top of page

Review By Christopher Bilardi

I am C.R. Bilardi, author the "The Red Church, the Art of Pennsylvania German Braucherei" .
At the time I wrote my own book in 2009, which is the same year as the author's first work "The Backdoor Hexologist" , I was quite sceptical concerning any esoteric meaning assigned to the 'barn' or 'hex' signs. This changed with my reading of Patrick Donmoyer's "Hex Signs: Myth and Meaning in Pennsylvania Dutch Barn Stars" (2013). The saying regarding this folk art is often "Yuscht fa Schay", that is, "Just for nice." Of course , I knew of the basic exoteric meanings of the signs such as the Double Distelfink (good luck), and so on. It was the mystical and even magical meanings in which I was in doubt as a result of the academic materials I possessed at the time.

Anyone familiar with the subject will know of barn sign artists such as William Schuster, Jacob Zook, Eric Claypoole, and the most well known Johnny Ott. I know that I'm missing a few in the list. It was Ott who was the first to call what he did as "Hexology", and those (such as in my research) who accused Ott of creating " superstitious meanings " to the signs whilst being a shrewd businessman. Whatever the ultimate truth of the matter, Ott was a true master of his craft. It is my opinion that Yoder has successfully taken up the title of Hexologist, making it his own, and is the natural heir to the craft of Mr Johnny Ott.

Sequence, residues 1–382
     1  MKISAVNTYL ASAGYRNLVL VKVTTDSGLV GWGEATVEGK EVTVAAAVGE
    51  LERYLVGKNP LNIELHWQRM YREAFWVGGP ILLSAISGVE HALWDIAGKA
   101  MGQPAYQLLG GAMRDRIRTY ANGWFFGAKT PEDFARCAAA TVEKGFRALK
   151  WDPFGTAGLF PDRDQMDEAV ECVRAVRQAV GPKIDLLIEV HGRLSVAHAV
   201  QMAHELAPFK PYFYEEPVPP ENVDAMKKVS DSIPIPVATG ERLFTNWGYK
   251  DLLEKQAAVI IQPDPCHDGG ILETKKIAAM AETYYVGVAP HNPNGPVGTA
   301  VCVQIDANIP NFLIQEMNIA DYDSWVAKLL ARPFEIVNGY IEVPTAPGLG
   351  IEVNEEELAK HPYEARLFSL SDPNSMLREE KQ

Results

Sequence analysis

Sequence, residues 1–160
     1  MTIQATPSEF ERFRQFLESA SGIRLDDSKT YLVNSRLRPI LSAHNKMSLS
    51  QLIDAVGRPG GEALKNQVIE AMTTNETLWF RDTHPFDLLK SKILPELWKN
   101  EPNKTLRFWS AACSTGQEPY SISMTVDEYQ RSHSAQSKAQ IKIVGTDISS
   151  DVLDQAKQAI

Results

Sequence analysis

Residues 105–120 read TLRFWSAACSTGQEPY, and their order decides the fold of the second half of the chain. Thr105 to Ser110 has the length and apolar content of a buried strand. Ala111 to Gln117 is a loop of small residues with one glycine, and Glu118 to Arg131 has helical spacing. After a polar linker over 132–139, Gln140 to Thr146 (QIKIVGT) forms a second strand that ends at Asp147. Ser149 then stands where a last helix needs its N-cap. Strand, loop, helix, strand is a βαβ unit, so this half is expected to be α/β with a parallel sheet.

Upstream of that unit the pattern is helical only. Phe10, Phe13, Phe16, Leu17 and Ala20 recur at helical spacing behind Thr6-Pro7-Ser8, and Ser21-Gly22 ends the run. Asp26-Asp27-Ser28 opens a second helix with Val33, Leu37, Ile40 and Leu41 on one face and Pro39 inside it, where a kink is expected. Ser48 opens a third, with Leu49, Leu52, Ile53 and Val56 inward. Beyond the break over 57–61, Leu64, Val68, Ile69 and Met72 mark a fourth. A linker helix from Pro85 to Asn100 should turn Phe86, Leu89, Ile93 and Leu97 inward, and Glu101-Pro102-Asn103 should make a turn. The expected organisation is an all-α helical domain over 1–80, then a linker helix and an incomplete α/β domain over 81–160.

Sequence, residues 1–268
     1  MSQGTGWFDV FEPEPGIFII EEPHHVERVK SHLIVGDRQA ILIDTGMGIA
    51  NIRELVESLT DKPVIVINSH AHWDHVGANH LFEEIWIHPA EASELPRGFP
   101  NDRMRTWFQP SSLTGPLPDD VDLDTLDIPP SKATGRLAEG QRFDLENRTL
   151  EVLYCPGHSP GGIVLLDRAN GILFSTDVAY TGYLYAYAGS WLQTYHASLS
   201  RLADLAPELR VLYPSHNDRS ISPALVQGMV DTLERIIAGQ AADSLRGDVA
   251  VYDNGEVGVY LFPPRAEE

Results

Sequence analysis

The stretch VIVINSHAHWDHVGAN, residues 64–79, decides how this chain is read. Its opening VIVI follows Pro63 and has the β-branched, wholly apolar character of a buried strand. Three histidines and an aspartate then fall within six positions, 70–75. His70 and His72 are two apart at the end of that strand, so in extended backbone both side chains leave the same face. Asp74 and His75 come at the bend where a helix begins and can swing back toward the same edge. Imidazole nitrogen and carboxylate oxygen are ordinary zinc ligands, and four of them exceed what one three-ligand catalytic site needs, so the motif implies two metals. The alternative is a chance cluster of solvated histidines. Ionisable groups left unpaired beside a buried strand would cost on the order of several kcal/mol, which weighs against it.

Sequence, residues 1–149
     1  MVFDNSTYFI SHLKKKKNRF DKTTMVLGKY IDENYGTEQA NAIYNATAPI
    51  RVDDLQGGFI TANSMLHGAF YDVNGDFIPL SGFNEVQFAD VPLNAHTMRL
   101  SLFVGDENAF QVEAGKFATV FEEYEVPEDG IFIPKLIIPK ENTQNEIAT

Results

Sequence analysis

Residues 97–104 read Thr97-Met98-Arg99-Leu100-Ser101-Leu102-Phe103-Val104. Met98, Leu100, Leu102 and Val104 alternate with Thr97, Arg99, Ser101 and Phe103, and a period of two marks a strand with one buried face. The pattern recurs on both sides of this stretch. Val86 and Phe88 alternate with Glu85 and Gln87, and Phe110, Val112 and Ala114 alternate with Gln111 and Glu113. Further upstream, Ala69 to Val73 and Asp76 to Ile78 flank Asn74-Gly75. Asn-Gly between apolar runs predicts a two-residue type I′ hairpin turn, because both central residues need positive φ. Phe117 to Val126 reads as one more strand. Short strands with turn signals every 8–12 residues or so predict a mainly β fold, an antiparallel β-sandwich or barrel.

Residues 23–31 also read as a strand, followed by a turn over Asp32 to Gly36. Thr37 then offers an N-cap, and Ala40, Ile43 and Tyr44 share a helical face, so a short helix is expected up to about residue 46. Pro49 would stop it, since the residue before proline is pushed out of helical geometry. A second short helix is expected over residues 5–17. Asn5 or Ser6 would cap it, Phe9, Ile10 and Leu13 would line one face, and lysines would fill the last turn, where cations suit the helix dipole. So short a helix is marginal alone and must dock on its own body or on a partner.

As a previous reviewer noted, "Hex Signs as Sacred Space" contains little text, most of which is found in the beginning where Yoder writes a basic CV of his work as an artist in "Conceptual Art". The bulk of the book is filled with high grade, quality photographs of his work which are sometimes found along side with historical pieces of sgraffito. With each photo one can see the quality of Yoder's craft. What will be noticed, for those who have never seen his style, is the incorporation of the Northern European (Germanic and Scandinavian) Runic symbols/alphabet, the Elder Futhark and galdrastafir (magic letters), and Norse bindrunes. As far as I know, the author is the first Hexologist to combine the beauty of geometry with the equally angular Runes. The Runes were used as both a writing and numerical system, and magical, esoteric figures. In this way Yoder's work is unique, and as he wrote to me some time ago, it is something both new and old. With each photo is a brief description of the meaning and intent of each piece. If one is interested in ancient Norse/Germanic religions, magic, and the simple aesthetics of the old barn stars, please do treat yourself to a copy. The quality photography is worth the price alone.

Also, please see Hunter M. Yoder's other offerings: "Der Volkschpiggel" and "Der Zauberschpiggel". Both of these are thick volumes and written in an anthology style.

bottom of page